Public Art Fund Brings Katja Novitskova’s Sci-Fi Sculptures to City Hall Park

She's representing Estonia at the 57th Venice Biennale.

Katja Novitskova. Rendering for "EARTH POTENTIAL" (2017). Courtesy the artist; Kraupa-Tuskany Zeidler, Berlin; and Greene Naftali, New York. Image courtesy the artist and Public Art Fund, NY.

Just as her work breaks out onto the world stage as she represents her native country in the 57th Venice Biennale, Estonian artist Katja Novitskova will be the subject of an outdoor public exhibition at Lower Manhattan’s City Hall Park, courtesy of the Public Art Fund. The show will see images of creatures like hydras, round worms, and squid plastered onto large plates of aluminum in the show “Earth Potential.”

The project itself is all about the relationship between contemporary digital image culture and the environment, themes that the artist unites in a new series of seven digitally printed photos embossed on aluminum sculptures. By bringing these two seemingly contradictory topics together, Novitskova encourages the viewer to consider how technological development has impacted mankind’s perception of the natural world.

In some sculptures Novitskova references animals that have been studied for biotechnology research. The primitive round worm, for example, is the first species whose neurology has been digitized for research purposes; scientists have studied the squid for its emotional and mental capabilities; lizard legs have been a source of inspiration for numerous engineering projects.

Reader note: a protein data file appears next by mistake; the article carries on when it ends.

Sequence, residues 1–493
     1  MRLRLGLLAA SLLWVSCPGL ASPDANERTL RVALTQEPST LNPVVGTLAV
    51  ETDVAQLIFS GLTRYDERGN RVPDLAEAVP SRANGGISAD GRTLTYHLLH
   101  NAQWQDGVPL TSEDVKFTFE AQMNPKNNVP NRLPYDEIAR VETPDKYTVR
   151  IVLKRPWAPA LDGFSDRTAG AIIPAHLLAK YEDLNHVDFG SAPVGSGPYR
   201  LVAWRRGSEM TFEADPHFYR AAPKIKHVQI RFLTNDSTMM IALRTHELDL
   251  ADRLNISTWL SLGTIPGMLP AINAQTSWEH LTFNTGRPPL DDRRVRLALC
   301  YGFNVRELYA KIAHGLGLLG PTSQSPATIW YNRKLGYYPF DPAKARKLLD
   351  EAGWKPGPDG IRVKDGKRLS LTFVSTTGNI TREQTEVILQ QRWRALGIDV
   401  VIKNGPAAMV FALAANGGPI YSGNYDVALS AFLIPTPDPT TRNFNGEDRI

Katja Novitskova. Rendering of <i>EARTH POTENTIAL</i> (2017). Courtesy the artist; Kraupa-Tuskany Zeidler, Berlin; and Greene Naftali, New York. Image courtesy the artist and Public Art Fund, NY.

Katja Novitskova. Rendering of EARTH POTENTIAL (2017). Courtesy the artist; Kraupa-Tuskany Zeidler, Berlin; and Greene Naftali, New York. Image courtesy the artist and Public Art Fund, NY.

“From the micro to the macro, Novitskova brings to life a world that was once invisible but now, due to advances in satellite cameras and electronic microscopes, can be pictured in great detail,” Public Art Fund associate curator Emma Enderby said in a statement. “These images are also of living forms that are used in the scientific community to synthetically change the future of our planet. With this, Novitskova invites the viewer to reflect on the ways in which we see our world and how we perceive the potential of the Earth.”

The resulting works, which range from six to eight feet in diameter, also play on the perspectival dichotomy between two and three dimensions—with the flatness of computer based imagery contrasted against the shapeliness of the art object itself.

“Katja Novitskova: Earth Potential” will be on view from June 22–November 9, 2017 at City Hall Park, New York.


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